By Sylvia Rodger, Ann Kennedy-Behr
This e-book attracts on modern occupational treatment conception and study to supply occupational remedy scholars and clinicians with a pragmatic source on enforcing career concentrated perform with young children.
every one bankruptcy has particular goals and makes use of case experiences to illustrate the scientific realities and functions of every of the subjects addressed. most sensible perform guidance are supplied in addition to a precis of suggestions drawn from the correct theories, occupational treatment philosophy and present examine. The ebook goals particularly to be perform based.Content:
Chapter 1 advent to Occupation?Centred perform with young ones (pages 1–20): Sylvia Rodger
Chapter 2 turning into extra Occupation?Centred while operating with childrens (pages 21–44): Sylvia Rodger
Chapter three baby? and Family?Centred carrier Provision (pages 45–74): Sylvia Rodger and Deb Keen
Chapter four Cultural impacts and Occupation?Centred perform with kids and households (pages 75–93): Alison Nelson and Michael Iwama
Chapter five allowing kid's Spirituality in Occupational treatment perform (pages 94–113): Imelda Burgman
Chapter 6 Occupational objective surroundings with little ones and households (pages 114–134): Nancy Pollock, Cheryl Missiuna and Sylvia Rodger
Chapter 7 Occupation?Centred overview with childrens (pages 135–159): Ted Brown and Chi?Wen Chien
Chapter eight Cognitive Orientation for day-by-day Occupational functionality (CO?OP): A Uniquely Occupation?Centred Intervention Created for kids (pages 160–182): Sylvia Rodger and Helene Polatajko
Chapter nine understand, bear in mind, Plan and practice (PRPP): Occupation?Centred job research and Intervention process (pages 183–202): Christine Chapparo
Chapter 10 Occupational functionality training: permitting mom and dad' and kid's Occupational functionality (pages 203–226): Fiona Graham and Sylvia Rodger
Chapter eleven Occupation?Centred Intervention within the university atmosphere (pages 227–247): Elizabeth A. prevent and Jill Ashburner
Chapter 12 Enablement of kid's relaxation Participation (pages 248–273): Anne Poulsen and Jenny Ziviani
Chapter thirteen Acute Hospitals: A demanding Context for Occupation?Centred perform with little ones (pages 274–297): Sylvia Rodger and Rebecca Banks
Chapter 14 permitting kid's Occupations and Participation utilizing Assistive expertise (pages 298–319): Desleigh de Jonge and Rachel McDonald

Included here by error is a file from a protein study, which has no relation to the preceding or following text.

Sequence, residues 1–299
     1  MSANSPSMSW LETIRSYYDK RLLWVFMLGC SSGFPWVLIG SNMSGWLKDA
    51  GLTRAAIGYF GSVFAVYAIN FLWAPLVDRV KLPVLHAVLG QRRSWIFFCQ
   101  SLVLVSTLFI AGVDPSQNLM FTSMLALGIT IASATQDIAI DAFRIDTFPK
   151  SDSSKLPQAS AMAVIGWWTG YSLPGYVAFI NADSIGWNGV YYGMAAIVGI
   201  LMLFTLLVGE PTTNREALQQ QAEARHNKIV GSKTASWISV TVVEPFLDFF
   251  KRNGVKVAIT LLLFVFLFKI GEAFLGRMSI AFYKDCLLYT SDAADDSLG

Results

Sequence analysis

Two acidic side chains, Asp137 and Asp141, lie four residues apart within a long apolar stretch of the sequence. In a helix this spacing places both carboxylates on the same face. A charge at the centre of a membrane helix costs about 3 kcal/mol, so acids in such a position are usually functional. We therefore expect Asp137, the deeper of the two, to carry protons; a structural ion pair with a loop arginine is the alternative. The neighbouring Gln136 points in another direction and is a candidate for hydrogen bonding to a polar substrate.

Chapter 15 determination Making for Occupation?Centred perform with youngsters (pages 320–341): Jodie Copley, Sally Bennett and Merrill Turpin
Read Online or Download Occupation-Centred Practice with Children: A Practical Guide for Occupational Therapists PDF
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Additional resources for Occupation-Centred Practice with Children: A Practical Guide for Occupational Therapists
Occupational therapy without borders: Learning from the spirit of survivors. London, UK: Elsevier, Churchill Livingstone. Larson, E. A. (2004). Children’s work: The less considered occupation. American Journal of Occupational Therapy, 58, 369–379. , & Baum, C. (1998). Evidence based practice. Canadian Journal of Occupational Therapy, 65(3), 131–135 (Special Issue). , & Letts, L. (1996). The person– environment–occupation model: A transactive approach to occupational performance. Canadian Journal of Occupational Therapy, 63, 9–23.
The latter involves using assistive devices, teaching alternative or compensatory strategies and modifying physical or social environments. The AOTA Commission on Practice (2008) classiﬁcation of intervention approaches as either health promotion, 36 ■ Occupation-centred Practice with Children compensation or adaptation or disability prevention focuses on occupation as ends mostly through occupation-based activity. In contrast, remediation or restoration focuses on means through the use of preparatory methods and purposeful or goal-directed activities.
Other proponents of a ‘top-down’ approach when working with children (Marr, 1999) purport that this way of working: (1) sends a message to parents, teachers and other team members about the full scope and depth of occupational therapy practice; (2) focuses assessment necessarily on a broad range of issues, roles and areas of performance, communicating that our scope of practice extends beyond components such as sensory processing and ﬁne motor abilities and encompasses play, socialisation, selfcare and classroom skills; and (3) manifests the uniqueness of occupational therapy intervention as practitioners routinely focus on the roles, contexts and priorities of clients.